And youth was sacrificed to
 the original minotaur...
Okay, we're back to Beckett once again and the recent converting of a literary phrase into a fashionable buzzword for the business and sports world. Fail better. Failbetter. Really? Is that a workable goal? Did anybody ever continue reading and find out what came next? As, "Fail worse again. Still worse again. Till sick for good." Etcetera.

This "better yourself" business is a peculiar way to look at art. Piepenbring and Franzen are both right about that. But the idea is not wholly wrong because art is one of the things that makes you bigger on the inside. It just is. There's no way to avoid that change. Pursue truth and beauty (rather that bestsellerdom and fame), and you will live a larger life. Period. Maybe that's not something you can take to the bank, but it is wonderful. It's silly to reduce everything to dollars.


Hawthorne's Artist of the Beautiful, Owen Warland, looked very strange to his American materialist friends, but the art he made and shared with them--whether they appreciated it or not--did indeed change the world. Pursuing beauty and mystery and the truth of nature changed him. It enlarged his being. It changed his life. It changed his discernment. It added to the sum of beauty and truth in the world, even if his perfect work of art lasted only a little while.


Moreover, what's wrong with being estranged from the mainstream? I grasp the whole passage and its tone, but I still don't like it. Being "estranged" from the mainstream tends to be a positive good for that unfashionable substance, the soul--or if you don't like the idea of a soul, well, it's a positive good for the mind and heart. I think both writers probably know this, but it's not fashionable to talk about heart or soul except in an ironic way; that's part of why the reader ends up "fingering" literature itself as sickness-causing and estranging. He's already estranged from parts of himself...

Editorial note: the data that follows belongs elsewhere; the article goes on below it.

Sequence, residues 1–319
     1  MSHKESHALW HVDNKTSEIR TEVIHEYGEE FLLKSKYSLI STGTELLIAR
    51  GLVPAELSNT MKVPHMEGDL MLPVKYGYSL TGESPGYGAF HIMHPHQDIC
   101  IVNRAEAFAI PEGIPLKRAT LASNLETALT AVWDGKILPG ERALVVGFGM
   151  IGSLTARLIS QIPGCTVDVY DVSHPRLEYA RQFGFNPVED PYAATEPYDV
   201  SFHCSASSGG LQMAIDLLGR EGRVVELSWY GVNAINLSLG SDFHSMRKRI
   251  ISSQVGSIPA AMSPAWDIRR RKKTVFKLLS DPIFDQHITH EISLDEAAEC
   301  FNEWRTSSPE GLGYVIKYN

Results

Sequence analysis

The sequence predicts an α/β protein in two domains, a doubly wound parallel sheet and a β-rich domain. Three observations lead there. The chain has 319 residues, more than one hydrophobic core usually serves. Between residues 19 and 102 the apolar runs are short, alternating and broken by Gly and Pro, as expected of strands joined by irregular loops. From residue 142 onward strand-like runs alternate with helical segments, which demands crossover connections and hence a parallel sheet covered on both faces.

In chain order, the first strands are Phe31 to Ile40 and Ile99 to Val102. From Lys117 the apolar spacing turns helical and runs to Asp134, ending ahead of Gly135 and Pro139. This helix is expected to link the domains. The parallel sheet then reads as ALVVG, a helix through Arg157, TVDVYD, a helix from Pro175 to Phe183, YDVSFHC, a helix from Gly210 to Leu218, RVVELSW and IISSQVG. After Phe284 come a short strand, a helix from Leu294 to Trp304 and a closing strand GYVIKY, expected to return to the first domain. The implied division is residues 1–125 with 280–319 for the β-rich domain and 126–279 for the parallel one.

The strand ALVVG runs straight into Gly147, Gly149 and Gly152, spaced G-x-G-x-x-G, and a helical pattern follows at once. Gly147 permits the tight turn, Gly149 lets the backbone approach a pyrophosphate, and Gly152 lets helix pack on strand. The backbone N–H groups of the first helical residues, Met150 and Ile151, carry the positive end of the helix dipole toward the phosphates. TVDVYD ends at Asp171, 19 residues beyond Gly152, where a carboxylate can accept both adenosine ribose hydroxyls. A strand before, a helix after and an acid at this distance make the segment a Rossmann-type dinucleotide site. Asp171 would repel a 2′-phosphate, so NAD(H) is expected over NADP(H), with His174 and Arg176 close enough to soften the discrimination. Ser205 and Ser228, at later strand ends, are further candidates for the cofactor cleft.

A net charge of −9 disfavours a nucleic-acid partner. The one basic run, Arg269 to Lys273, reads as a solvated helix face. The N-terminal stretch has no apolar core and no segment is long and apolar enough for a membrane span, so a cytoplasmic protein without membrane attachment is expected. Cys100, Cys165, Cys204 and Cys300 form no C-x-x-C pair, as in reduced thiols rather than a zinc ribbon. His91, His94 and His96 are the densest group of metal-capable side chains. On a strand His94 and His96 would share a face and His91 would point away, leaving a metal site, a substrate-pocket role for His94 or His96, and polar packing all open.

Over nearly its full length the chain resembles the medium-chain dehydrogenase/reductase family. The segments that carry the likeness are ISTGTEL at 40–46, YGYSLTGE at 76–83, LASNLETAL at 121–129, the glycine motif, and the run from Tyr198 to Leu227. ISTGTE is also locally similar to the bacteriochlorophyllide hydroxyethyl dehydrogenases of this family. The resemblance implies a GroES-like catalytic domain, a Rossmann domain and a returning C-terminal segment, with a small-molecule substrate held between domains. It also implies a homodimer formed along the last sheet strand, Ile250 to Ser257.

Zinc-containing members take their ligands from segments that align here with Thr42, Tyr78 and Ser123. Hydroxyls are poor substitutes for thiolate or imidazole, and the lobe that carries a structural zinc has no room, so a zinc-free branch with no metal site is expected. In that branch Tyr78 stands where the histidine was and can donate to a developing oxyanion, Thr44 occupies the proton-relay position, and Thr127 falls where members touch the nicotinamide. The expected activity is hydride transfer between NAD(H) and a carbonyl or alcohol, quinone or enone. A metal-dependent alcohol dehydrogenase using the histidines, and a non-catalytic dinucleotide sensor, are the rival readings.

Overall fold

And so Working on My Novel is a brilliant litmus test—there are those who will read it as a paean to the fortitude of the creative spirit, and those who will read it as a confirmation of the novel’s increasing impotence. A form that should provide a “radical critique of the therapeutic society,” as Franzen writes, has instead been co-opted by that society. It’s failing better than the best Fail Better adherent could hope.